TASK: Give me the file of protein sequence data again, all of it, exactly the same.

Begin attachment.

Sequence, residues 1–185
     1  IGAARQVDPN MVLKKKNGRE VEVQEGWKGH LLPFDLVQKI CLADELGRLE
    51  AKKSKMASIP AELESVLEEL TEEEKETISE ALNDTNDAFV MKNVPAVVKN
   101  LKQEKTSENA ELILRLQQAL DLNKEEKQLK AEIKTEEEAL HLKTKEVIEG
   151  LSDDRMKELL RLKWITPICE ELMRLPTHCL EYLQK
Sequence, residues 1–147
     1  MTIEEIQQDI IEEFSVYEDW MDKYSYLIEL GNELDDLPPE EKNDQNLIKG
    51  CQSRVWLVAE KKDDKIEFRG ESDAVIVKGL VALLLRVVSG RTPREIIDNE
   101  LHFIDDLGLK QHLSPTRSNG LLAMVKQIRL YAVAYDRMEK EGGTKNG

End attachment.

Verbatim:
Sequence, residues 1–185
     1  IGAARQVDPN MVLKKKNGRE VEVQEGWKGH LLPFDLVQKI CLADELGRLE
    51  AKKSKMASIP AELESVLEEL TEEEKETISE ALNDTNDAFV MKNVPAVVKN
   101  LKQEKTSENA ELILRLQQAL DLNKEEKQLK AEIKTEEEAL HLKTKEVIEG
   151  LSDDRMKELL RLKWITPICE ELMRLPTHCL EYLQK
Sequence, residues 1–147
     1  MTIEEIQQDI IEEFSVYEDW MDKYSYLIEL GNELDDLPPE EKNDQNLIKG
    51  CQSRVWLVAE KKDDKIEFRG ESDAVIVKGL VALLLRVVSG RTPREIIDNE
   101  LHFIDDLGLK QHLSPTRSNG LLAMVKQIRL YAVAYDRMEK EGGTKNG